Saturday, April 12, 2014

John King's NYC APPR System and the Illusion of Choice

We had a department meeting on Thursday. We discussed the MOSL, the measures of student learning by which we will be judged. We're ESL teachers, and as you may know, that means our kids are English language learners. So we have to determine some way that we will be judged by their test scores, because Bill Gates thinks that's the only thing that matters, and therefore Arne Duncan and Barack Obama think so too.

We have a MOSL committee in our school, and in August we determined that we would spread the joy. That is, if your department were to be judged by test scores, you would be judged on department scores rather than individual ones. We did not want teachers to be in competition with one another, and we did not want anyone to feel that helping a kid not in your class would somehow have the potential to do you harm.

So, because somehow the decision had not been made in August, or perhaps because John King had a new and even stupider idea than those he'd had previously, we were asked to make a department decision. One person said that since we were all good teachers, we ought to be judged individually. I said that there was no validity to judging any teacher, good, bad, or otherwise by test scores, and that a recent study suggested that variability in test scores was influenced only 1 to 14% by individual teachers.

Given that, I suggested we sink or swim together, and my department agreed. In fact, our MOSL committee had already made that decision. However, there remains the fact that we are gambling on one another, and that while some of my colleagues may do better as a result, others will certainly do worse. Can there be any validity to a teacher evaluation system that actually asks you to throw the dice and hope for the best?

Let's say, for the sake of argument, that I get a bad rating as a result of this. Does that, by any stretch of the imagination, make me a worse teacher? Let's say, again for argument, that I get a good rating because of our decision. Does that make me a better teacher?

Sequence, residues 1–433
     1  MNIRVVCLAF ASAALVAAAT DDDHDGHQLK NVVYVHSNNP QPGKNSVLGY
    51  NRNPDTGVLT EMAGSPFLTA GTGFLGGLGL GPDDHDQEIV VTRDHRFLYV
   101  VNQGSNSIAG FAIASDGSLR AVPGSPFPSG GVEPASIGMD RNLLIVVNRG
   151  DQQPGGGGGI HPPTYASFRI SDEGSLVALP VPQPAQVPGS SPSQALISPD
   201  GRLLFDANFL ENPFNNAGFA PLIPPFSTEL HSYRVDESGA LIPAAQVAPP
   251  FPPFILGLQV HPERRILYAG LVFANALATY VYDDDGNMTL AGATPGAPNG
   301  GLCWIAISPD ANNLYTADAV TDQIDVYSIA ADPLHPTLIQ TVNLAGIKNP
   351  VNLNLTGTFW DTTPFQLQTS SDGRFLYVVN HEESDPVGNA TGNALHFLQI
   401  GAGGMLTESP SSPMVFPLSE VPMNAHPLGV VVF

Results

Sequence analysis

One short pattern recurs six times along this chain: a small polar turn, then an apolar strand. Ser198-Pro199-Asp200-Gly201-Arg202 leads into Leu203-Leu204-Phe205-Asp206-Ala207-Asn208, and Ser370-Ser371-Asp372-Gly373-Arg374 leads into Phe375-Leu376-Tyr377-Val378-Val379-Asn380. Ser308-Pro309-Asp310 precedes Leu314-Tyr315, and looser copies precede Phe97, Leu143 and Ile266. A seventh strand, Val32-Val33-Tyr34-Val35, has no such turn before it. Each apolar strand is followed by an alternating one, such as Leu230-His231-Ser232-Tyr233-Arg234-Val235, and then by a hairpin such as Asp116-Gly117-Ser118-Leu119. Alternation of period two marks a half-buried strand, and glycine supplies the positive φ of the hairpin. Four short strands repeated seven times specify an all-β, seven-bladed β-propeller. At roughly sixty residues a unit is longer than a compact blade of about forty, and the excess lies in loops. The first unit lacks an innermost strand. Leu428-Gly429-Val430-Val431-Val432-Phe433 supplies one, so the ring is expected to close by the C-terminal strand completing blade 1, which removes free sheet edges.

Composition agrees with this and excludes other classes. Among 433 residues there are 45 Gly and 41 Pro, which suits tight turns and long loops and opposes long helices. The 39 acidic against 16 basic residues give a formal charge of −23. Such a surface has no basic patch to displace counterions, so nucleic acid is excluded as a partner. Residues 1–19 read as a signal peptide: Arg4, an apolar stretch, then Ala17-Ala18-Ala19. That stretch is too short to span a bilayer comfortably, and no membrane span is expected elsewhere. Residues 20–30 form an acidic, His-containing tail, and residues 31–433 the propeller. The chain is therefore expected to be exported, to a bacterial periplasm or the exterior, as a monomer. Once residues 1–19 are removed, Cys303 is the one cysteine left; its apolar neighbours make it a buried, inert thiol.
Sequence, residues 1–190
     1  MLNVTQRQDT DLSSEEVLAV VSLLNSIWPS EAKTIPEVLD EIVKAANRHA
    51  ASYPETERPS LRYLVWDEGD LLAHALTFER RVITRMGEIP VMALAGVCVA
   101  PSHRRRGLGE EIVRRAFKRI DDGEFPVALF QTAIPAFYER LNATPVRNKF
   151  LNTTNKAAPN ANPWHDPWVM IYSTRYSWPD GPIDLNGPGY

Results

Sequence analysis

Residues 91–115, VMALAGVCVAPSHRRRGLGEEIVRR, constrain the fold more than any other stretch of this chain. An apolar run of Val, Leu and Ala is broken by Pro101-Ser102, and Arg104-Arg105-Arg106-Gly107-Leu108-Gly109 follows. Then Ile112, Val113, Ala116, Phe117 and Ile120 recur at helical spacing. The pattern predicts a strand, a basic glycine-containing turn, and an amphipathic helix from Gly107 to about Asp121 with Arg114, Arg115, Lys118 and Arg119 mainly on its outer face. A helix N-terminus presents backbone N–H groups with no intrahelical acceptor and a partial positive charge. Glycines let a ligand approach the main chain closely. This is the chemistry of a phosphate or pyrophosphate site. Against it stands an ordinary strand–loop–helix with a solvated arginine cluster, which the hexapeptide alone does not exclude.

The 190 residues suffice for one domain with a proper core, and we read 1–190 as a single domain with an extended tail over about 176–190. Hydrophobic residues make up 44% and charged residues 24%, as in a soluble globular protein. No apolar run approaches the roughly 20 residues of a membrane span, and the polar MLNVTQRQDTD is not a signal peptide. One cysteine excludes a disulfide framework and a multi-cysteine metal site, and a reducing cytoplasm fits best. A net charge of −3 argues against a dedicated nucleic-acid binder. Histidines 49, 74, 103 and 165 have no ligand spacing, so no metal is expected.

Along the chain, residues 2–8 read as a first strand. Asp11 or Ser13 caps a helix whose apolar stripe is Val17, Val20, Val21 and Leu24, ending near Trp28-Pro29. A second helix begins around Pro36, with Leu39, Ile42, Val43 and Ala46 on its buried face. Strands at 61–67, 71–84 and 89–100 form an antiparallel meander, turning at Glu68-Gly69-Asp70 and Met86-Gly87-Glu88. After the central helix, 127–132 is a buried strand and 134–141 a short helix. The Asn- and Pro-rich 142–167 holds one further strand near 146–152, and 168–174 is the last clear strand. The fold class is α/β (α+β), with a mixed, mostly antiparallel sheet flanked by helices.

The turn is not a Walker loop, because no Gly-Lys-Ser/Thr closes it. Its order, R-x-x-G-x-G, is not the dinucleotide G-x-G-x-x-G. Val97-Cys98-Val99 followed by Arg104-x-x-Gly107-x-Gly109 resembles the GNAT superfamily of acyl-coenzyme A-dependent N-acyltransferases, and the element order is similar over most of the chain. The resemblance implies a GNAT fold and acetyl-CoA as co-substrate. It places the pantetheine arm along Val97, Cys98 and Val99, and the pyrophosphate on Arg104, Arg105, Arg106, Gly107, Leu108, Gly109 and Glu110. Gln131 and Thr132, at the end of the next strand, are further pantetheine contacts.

Obviously, I am the same teacher whatever the rating is. I am no better and no worse, whatever John King's rating labels me. Firstly, there is no scientific basis to assume any validity to value-added ratings. Second, you need no knowledge of science to determine that shooting the dice and hoping for the best is absurd.

The other thing our department discussed is which test we ought to be judged on. Apparently, we had a choice of that as well. We took the recommendation of our AP, who said that the NYCESLAT results would likely show improvement. However, I teach beginners, and many of my students had never taken this test, having wandered in in September, or during other times of year when the test was not given. She told me then that the NYCESLAT results would be compared with the city's LAB-R test, which was now more closely aligned with the NYCESLAT. I pointed out that last year it was certainly not aligned with it at all. There was not much she could say to that.

So teacher careers are being put on the line and we are given various options as to how we'd like it done. It's ridiculous, but there it is. And despite promises that it would be negotiated by union, it was not, and not one rank and file member got a voice in how this was done.

Personally, I think I could observe a class and make better judgments than any test score, and I'd argue that teacher-designed tests are vastly superior to standardized ones. It was an awful decision on the part of UFT leadership to support this system, and an even worse one to leave it in the hands of fanatical ideologue John King.

The choice is one of which weapon you'd like aimed at your head, in the hope that you will select the one more likely to miss.
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